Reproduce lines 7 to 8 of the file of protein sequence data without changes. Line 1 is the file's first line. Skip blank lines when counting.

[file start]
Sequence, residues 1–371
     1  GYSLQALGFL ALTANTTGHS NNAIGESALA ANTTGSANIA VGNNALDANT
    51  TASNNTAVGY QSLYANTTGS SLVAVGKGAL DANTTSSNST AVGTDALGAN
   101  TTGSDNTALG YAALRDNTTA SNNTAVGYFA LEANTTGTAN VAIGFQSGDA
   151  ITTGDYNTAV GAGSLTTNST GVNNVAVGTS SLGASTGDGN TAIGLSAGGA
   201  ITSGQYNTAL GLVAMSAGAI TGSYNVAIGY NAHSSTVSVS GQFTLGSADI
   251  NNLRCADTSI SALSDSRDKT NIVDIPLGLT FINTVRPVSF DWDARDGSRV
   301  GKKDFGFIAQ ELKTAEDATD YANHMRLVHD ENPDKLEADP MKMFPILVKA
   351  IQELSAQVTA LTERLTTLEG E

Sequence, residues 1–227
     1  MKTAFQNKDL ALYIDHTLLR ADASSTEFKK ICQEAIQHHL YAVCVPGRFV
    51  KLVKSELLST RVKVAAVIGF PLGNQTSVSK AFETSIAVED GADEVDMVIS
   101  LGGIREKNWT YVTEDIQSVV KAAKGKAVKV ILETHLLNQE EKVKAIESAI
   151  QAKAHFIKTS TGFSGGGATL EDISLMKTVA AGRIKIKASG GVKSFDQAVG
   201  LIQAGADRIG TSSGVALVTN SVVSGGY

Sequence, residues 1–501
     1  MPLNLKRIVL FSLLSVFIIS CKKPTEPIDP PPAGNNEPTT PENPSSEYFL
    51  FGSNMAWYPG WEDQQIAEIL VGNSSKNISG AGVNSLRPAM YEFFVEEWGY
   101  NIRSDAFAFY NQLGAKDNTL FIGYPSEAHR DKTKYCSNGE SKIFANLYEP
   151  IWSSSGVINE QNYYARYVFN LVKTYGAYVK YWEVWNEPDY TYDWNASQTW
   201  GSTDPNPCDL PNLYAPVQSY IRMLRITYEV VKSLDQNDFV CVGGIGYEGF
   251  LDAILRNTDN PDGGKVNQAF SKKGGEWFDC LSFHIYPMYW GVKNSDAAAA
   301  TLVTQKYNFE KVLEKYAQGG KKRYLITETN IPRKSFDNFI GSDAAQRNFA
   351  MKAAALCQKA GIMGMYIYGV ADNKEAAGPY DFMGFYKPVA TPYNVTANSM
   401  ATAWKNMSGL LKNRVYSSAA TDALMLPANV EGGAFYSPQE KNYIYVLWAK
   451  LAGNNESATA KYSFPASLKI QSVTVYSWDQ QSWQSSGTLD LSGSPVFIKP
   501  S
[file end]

   251  NNLRCADTSI SALSDSRDKT NIVDIPLGLT FINTVRPVSF DWDARDGSRV
   301  GKKDFGFIAQ ELKTAEDATD YANHMRLVHD ENPDKLEADP MKMFPILVKA